Poinsettias are plants with modified red leaves, yellow flowers in the center and green leaves surrounding the red. They require only a minimal amount of care. More »

The poinsettia comes from Mexico and Central America. The Aztecs, who called it "Cuetlaxochitl," used the flower in medicine and dyes. After the Spanish conquest of Mexico, Christian priests began using it in religious r... More »

To prune a poinsettia, cut the plant back to 6 to 8 inches above the ground in the spring, then during the summer, pinch off new shoots when they’re about 6 inches long to encourage branching. Make sure the plant gets en... More »

Poinsettias can thrive outside providing the weather conditions are warm enough. These sub-tropical flowering plants do not like the cold or frost, so put them into the ground beginning in the spring wherever winter weat... More »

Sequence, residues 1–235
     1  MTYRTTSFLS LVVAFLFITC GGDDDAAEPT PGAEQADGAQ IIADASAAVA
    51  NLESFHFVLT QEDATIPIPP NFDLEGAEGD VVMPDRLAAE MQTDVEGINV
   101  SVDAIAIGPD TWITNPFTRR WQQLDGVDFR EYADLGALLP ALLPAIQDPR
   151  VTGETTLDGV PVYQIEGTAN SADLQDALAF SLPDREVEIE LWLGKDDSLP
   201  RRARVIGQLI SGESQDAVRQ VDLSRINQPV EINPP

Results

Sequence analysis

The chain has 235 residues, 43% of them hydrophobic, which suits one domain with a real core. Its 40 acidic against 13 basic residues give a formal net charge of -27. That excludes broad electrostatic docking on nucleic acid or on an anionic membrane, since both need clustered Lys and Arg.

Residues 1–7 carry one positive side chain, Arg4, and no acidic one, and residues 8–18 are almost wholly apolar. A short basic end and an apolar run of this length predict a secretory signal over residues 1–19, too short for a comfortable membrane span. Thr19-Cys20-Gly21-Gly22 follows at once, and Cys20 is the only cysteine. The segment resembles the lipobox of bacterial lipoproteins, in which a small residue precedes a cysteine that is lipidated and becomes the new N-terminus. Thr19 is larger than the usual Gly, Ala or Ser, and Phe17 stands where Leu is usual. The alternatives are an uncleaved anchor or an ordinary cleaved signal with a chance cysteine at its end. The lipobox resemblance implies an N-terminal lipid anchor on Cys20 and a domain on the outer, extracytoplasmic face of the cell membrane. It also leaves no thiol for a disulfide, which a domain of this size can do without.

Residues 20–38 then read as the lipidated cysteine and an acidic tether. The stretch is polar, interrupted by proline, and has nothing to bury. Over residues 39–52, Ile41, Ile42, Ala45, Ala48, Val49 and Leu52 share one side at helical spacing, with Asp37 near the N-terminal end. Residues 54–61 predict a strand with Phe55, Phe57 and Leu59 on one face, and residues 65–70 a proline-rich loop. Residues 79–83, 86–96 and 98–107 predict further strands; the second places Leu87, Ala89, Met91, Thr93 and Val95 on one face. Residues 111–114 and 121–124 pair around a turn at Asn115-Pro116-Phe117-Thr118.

Poinsettias should not stay outside in temperatures that are below 60 degrees Fahrenheit. When the plants are moved outdoors in warm weather, they should be placed in a partially shaded location for the first 2 weeks and... More »

Poinsettias are not poisonous to humans. In some cases, contact with the plant can cause mild discomfort. Skin contact with the poinsettia sap can cause a rash, and ingestion of the leaves can cause stomach ache, vomitin... More »

Poinsettias are an easy plant to keep. This type of plant needs to be outside or in a room that gets plenty of sunlight. The temperature should be between 60 and 70 degrees Fahrenheit, with few drafts. More »

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